hemicellulose network, these results suggested that cellulose
confirmed by labeling hydrated, extruded mucilage with cellu-
lose binding domain, conjugated to the fluorescent molecule
Oregon Green (CBD-OG; see Supplemental Figure 1D online), a
result which is consistent with the study of Macquet et al. (2007).
The changes in the CCRC-M36 labeling patterns observed in
7-DPA seed coat cells indicated that a closer examination of the
secretory apparatus might yield new information about the reg-
ulation of the secretory pathway during seed coat development.
Since CCRC-M36 labels only mucilage and not other primary cell
wall components in this cell type, this antibody was used to
the production of mucilage during seed coat development. To
resolve the puncta observed in fluorescence microscopy and to
quantify individual Golgi stacks producing mucilage, sections of
7- and9-DPA seeds were immunolabeled witheither CCRC-M36
or a-XG together with gold-conjugated secondary antibodies for
examination by transmission electron microscopy (TEM) (Figure
5). CCRC-M36 labeled 70% of all Golgi stacks visible in 7-DPA
seed coat sections, most commonly labeling the medial and/or
trans cisternae as well as the TGN. By contrast, 0% of Golgi
stacks were labeled by CCRC-M36 in 9-DPA cells. These data
indicate that the pectin epitope is indeed present in the Golgi
stages during synthesis of the secondary cell wall. Thus, the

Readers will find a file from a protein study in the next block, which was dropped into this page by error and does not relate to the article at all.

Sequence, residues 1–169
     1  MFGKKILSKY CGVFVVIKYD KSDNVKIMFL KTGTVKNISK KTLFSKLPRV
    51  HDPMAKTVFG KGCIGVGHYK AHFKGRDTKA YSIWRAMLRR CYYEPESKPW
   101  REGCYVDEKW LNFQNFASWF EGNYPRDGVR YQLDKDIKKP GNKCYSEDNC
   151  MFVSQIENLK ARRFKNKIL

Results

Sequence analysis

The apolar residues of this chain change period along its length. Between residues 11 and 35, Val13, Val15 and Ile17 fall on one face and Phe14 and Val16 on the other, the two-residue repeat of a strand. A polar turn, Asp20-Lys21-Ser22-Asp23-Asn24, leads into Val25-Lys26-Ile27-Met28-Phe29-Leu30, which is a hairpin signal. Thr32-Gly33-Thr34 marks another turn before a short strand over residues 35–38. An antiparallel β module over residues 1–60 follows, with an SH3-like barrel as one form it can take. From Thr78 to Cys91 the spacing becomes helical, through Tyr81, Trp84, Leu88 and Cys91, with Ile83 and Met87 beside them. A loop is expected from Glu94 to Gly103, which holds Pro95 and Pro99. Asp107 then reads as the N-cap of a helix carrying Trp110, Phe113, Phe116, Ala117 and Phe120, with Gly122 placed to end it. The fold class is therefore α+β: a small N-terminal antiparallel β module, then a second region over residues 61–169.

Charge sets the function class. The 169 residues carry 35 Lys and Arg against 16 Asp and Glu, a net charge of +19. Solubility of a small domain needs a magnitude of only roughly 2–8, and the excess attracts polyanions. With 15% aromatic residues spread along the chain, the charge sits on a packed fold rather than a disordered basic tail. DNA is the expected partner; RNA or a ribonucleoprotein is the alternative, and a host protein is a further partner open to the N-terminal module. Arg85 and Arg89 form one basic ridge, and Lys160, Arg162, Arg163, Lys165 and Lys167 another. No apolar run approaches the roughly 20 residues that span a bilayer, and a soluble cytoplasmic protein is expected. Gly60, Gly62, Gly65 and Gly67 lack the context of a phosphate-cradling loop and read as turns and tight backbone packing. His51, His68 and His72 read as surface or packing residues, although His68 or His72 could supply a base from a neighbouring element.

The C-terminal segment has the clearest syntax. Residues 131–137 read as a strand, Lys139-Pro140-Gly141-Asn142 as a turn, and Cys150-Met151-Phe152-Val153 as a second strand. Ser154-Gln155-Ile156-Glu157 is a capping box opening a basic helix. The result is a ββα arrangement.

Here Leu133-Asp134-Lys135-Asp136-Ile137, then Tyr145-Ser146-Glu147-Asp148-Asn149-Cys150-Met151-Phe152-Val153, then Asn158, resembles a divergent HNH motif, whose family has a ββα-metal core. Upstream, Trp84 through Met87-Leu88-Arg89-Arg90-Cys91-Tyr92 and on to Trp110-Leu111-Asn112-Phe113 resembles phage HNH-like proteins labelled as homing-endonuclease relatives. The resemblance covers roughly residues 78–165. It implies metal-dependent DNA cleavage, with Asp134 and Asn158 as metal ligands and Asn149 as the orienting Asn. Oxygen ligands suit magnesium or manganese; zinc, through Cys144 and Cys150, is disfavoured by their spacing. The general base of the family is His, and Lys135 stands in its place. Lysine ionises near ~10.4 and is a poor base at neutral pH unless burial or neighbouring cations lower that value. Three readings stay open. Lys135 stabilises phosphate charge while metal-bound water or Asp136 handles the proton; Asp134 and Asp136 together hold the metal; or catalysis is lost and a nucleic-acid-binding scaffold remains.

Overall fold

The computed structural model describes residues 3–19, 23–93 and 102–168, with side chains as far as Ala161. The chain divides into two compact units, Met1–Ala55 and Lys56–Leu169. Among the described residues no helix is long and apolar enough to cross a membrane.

short-term, specialized production of mucilage is reflected in the
16% of Golgi stacks in 7-DPA cells, and 22% of Golgi stacks in
9-DPA cells, suggesting that XG is secreted during the synthesis
of both the mucilage and columella.
Despite the high percentage of Golgi stacks that label with
CCRC-M36 at 7 DPA, it is conceivable that the epitopes recog-
nized by the two different antibodies are being carried by
different groups of Golgi stacks. To address this question,
double labeling experiments, using both CCRC-M36 and a-XG,
were performed on 7-DPA seed coat cells (Figure 6). Results of
doublelabeling wereconsistentwithsinglelabeling assays;77%
of Golgi stacks labeled with CCRC-M36 in the double labeling
experiment, whereas 11% of Golgi stacks labeled with a-XG. Of
the six Golgi stacks observed to have a-XG label, only one of
Figure 2. Tomographic Reconstruction of a Single Golgi Stack during
the Mucilage-Secreting Phase of an Arabidopsis Seed Coat Cell (7 DPA).
(A) and (B) Slices (2 nm) from a tomogram, showing how the TGN
appears as a series of vesicles.
(C) and (D) En face (C) and side (D) view of a three-dimensional model of
a Golgi stack, based on tomographic reconstruction shown in (A) and
(B). The TGN (bright pink) is an extensive interconnected network of large
c, cis face of Golgi stack; t, trans face of Golgi stack. Bars ¼ 250 nm.
1626 The Plant Cell
them did not also have CCRC-M36 label, suggesting that the
within the cell.
The Number of Golgi Stacks in the Cell Increases during
To determine whether the onset of mucilage production resulted
in changes in the number of individual stacks in the Golgi
apparatus, the number of Golgi stacks in 4-, 7-, and 9-DPA cells
was quantified. This was done using a twofold approach. First,
high-resolution TEM of seed coat cells at each developmental
stage was undertaken to count Golgi stacks in seed coat cells
directly. When thin sections of seed coat cells were examined in
TEM, an increase in the number of Golgi stacks was observed
(Figure 7A). However, during the same period (between 4 and 7
DPA), seed coat cells underwent dramatic cytosolic rearrange-
ments (cf. Figures 1A and 1C), which manifested as an increase
and 7 DPA (Figure 7B). Thus, the surface area of cytoplasm
available for quantification at 4 DPA was significantly less than at